For the final third I found it to be nice and mellow with dark chocolate, coffee and nut flavors along with good spice on the end. Now, by mellow I do not mean that it doesn’t have much flavor, it has plenty of that. By mellow I mean the flavors are not fighting with each other and marry nicely so the cigar never tastes harsh while smoking it. The burn line stared even for the duration of the smoke and smoke never fails to satisfy.

The Room 101 Farce Maduro was a lot of fun to smoke. It has a lot of great flavor and the construction is tip top. While the flavors are plentiful I think this is a great cigar for either the novice or the veteran smoker. Take a look in your local B&M and if you see these don’t pass by them you won’t be disappointed to have them in your collection. Along with the Room 1010 Cigars Matt Booth also has Room 101 Brand jewelry line. If you’re looking for some new accessories hit up his site for that too!

Wrapper –  Mexican San Andres

Binder – Ecuador 

Filler – Connecticut, Nicaragua, Pennsylvania

Price: Around $10.00 – $11.00


Rating: 4.8 out of 5 pints.

La Palina Classic Connecticut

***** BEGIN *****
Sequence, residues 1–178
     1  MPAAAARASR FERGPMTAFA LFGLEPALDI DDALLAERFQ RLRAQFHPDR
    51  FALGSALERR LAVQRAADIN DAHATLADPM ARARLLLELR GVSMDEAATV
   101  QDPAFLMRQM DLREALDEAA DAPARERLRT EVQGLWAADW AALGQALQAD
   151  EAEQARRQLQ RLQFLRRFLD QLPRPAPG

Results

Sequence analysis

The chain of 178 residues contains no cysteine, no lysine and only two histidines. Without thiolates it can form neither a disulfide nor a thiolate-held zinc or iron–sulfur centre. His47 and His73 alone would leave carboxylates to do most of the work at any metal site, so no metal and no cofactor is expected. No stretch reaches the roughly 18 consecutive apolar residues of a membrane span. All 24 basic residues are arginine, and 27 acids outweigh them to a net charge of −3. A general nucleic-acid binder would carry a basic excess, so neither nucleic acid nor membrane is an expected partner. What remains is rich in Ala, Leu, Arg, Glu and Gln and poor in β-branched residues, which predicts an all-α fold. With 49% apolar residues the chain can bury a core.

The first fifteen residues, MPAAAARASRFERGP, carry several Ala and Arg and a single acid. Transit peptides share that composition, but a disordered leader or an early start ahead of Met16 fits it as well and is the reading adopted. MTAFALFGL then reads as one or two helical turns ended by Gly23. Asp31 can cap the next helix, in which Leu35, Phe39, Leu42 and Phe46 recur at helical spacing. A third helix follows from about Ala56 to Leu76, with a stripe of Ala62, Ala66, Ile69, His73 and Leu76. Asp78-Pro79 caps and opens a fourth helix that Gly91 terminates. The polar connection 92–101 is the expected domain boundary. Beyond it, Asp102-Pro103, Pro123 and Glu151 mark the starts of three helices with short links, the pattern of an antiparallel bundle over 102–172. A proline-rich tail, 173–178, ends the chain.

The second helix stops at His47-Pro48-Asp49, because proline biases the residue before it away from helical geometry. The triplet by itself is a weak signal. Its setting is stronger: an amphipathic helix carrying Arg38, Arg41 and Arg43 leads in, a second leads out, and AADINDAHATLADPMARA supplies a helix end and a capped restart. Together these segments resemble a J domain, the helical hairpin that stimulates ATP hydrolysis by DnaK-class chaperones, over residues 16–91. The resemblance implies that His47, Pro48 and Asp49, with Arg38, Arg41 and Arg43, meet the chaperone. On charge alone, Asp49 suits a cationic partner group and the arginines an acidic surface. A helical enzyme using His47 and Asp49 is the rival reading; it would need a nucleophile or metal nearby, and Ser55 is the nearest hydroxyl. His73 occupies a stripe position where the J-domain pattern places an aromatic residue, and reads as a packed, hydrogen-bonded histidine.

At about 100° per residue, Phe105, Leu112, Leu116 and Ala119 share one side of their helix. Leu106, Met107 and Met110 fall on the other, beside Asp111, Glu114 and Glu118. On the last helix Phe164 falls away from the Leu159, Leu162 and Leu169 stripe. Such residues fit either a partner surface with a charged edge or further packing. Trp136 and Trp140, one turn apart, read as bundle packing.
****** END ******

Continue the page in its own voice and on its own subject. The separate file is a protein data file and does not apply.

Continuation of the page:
La Palina Classic Connecticut

The La Palina Classic Connecticut has been around for a while now. Originally created in the Congress Cigar Factory which was opened by Samuel Paley in Chicago, 1896. He named their first cigar La Palina in honor of his wife. Unfortunately three decades later in 1926 the Congress Factory closed when Samuel retired and the line went from luxury to a mass marketed brand. Fast forward to 2010 and in walks his grandson Bill Paley (Son of William Paley Cofounder of CBS) who revived the line back to its previous luxury status. The first modern La Palinas were produced in the Bahamas in limited quantities with the least expensive being $18. Even with the higher price they gained a following and now La Palinas are produced in all the major non-Cuban cigarmaking countries.